Tracking the 200: Day 3, Part 2

Jon Keill gestures to one of his team mates ahead during the Fireweed 200 relay race on Saturday. Photo by Jeremia Schrock/Sun Star

By Jeremia Schrock

Sun Star Reporter

The Sun Star’s Jeremia Schrock reports on location as a team of UAF students competes in the Fireweed 200 bicycle race.

Team Killasaurus Wrecks left Glennallen at 12:30 PM. We reached the Tok-Valdez crossroads when Bippy spoke, “I hope Jon went the right way.”

“What?” Swibold asked.

“I hope he [went] the right way,” Bippy responded seriously. “Because if he didn’t, he’s going to Tok.”

Thankfully for the team, Keill had gone the right way. By the time we caught up to him, he’d gone more than six miles. As we drove passed Bippy shouted, “Jon, you’re a beast!” Keill looked up at her as we sped by and Bippy laughed, “I’ve seen that look before!”

“What look was that?” I asked.

“The ‘Oh, screw you guys’ look.”

When Keill and Bippy switched off, Keill lounged in the backseat. I asked him how he was feeling now that the team was halfway through the race. “Tired,” he responded, “My ass is feeling tired, too.”

Swibold chimed in, “My ass is sore, not tired.”

“Sore, tired. Same diff,” replied Keill testily.

A few moments later Swibold spoke up again. “I’m actually not looking forward to my next run,” he said. Keill was also starting to feel the effects of the race. As we left the official aid station at Grizzly Pizza and Gifts, Keill suffered a cramp just trying to hoist himself into the backseat of his car. By this point, they had barely reached the half-way mark.

As the hours continued to tick by, the rest time between runs began to increase dramatically. The terrain and a strong headwind were partially to blame, but by 4:00 p.m. the length of the day had begun to take its toll. As one particularly harsh gust blew past us in the car, Bippy shouted “Oh, eff you wind! Why can’t you go the other way?”

It wasn’t just the wind taking its toll on the team, but also fellow racers. Keill was racing on a mountain bike, something many racing aficionados look down upon. “I’ve gotten everything from ‘you’re hardcore’ to a sarcastic ‘good luck with that,’” Keill said. He wasn’t angry so much as annoyed. At least he was out here biking at all, he said.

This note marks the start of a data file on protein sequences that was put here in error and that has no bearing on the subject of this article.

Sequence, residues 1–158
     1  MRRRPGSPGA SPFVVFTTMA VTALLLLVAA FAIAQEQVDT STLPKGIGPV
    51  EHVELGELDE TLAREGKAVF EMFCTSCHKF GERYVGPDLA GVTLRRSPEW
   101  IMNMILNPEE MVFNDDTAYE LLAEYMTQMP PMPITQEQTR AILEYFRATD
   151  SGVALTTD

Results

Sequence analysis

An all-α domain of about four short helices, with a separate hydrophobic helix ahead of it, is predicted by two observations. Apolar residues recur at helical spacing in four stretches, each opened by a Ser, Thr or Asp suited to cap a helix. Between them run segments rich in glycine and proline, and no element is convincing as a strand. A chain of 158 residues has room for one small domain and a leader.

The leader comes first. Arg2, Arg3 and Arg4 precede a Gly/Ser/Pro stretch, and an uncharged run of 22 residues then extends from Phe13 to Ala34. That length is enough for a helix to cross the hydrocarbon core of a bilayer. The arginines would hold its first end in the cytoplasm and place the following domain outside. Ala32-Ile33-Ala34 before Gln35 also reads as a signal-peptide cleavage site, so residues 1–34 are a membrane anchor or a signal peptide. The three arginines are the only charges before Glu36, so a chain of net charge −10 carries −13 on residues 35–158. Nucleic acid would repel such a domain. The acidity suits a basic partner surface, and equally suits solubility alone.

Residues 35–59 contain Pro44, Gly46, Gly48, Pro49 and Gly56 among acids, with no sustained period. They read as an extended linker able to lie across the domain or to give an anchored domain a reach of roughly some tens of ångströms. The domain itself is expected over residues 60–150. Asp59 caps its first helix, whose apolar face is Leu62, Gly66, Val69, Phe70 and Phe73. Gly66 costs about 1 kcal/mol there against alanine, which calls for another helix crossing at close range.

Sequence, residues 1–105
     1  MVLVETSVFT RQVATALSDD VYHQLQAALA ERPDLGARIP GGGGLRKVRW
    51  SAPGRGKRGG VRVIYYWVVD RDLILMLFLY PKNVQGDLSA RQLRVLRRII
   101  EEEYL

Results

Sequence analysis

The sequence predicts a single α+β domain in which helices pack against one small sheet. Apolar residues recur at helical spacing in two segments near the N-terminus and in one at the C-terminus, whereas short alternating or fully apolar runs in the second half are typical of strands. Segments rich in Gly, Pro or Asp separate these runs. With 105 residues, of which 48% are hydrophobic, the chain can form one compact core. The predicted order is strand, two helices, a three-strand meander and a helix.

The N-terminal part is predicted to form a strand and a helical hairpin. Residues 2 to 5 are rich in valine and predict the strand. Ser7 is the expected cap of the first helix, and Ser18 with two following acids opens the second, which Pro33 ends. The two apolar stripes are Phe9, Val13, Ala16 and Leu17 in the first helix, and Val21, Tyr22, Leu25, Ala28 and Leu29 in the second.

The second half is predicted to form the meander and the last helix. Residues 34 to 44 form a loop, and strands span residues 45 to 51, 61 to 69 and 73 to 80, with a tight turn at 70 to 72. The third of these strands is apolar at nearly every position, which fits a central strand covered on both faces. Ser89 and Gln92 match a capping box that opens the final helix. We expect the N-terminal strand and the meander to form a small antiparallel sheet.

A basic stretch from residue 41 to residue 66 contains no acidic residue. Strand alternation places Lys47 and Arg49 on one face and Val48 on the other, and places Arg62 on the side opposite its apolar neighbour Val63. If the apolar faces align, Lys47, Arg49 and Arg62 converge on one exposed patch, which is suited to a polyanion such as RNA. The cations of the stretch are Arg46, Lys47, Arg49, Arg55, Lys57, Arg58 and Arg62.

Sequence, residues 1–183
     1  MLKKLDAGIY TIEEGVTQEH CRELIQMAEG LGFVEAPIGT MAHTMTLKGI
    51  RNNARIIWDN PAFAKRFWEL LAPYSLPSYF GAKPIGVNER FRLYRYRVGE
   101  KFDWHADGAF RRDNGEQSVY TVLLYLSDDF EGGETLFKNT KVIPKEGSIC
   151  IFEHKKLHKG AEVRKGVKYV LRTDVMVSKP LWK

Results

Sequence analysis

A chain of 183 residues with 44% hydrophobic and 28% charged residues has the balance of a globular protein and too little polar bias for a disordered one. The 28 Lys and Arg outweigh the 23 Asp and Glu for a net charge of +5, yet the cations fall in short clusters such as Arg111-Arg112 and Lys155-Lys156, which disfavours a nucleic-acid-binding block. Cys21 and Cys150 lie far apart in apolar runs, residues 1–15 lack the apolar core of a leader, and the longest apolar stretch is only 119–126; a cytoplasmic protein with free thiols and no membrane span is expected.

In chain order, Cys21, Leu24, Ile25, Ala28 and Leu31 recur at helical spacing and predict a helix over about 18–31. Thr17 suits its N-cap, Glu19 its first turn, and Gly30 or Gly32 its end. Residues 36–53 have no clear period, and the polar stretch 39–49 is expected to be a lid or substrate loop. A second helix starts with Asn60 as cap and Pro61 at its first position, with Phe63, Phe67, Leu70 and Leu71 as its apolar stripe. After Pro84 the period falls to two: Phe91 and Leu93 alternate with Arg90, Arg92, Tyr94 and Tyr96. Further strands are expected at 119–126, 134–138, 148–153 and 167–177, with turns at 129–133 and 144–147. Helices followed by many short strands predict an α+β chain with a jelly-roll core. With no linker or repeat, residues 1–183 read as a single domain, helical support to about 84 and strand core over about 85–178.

5:30 rolled around and the team was forced to alter their line-up. Bippy’s left knee was swollen, which meant the team was down to just Keill and Swibold. Both remained determined, however, and were rewarded when Keill was granted a second wind. He’d biked a 5-mile stretch of hills in only 20 minutes, a feat which thoroughly impressed Bippy. Lady GaGa’s “Monster” was playing on the stereo as he arrived, and a tired Bippy directed the words at him, “That boy is a monster,” she said.

Jesse Swibold rides along the Glenn Highway during an early stretch of the Fireweed 200.

By 5:53, however, Swibold remained the teams only energetic member.

“I don’t know how much left I have in me,” Keill said. “My reserves are depleted.” At 6:00, the team spoke to a race official just outside of Thompson Pass, where the Richardson Highway ascends almost 3,000 feet in order to overcome the Chugach Mountains). The team wanted to know what the weather conditions were in the pass and if biking was still feasible.

“The pass is wet and windy,” replied the official. “Like usual.” Keill and I exchanged looks and he nodded. Team Killasaurus Wrecks was going to scratch.

Swibold wanted to keep going, but Bippy and Keill were simply exhausted. Bippy’s knee remained swollen and Keill was having a difficult time walking.

“We made it two-thirds of the way,” Keill said. “And that’s something.”

“If it hadn’t been for the weather we would have made it,” Bippy said. “It was fun until the wind got so bad that I lost control of my bike.” Swibold wanted to persevere and the team decided to let him bike the last 4 miles to Tiekel Lodge (the last checkpoint before Valdez). The team officially scratched 134.5 miles into the 193.9 mile-long race. Team Killasaurus Wrecks was now officially extinct.

For the team, the drive into Valdez was a mixture of exhausted napping and euphoric delight at being done. Even if they had failed to make it to Valdez on their bikes, they would still get there by car. Their consolation prizes: food, warmth and a long night’s rest.

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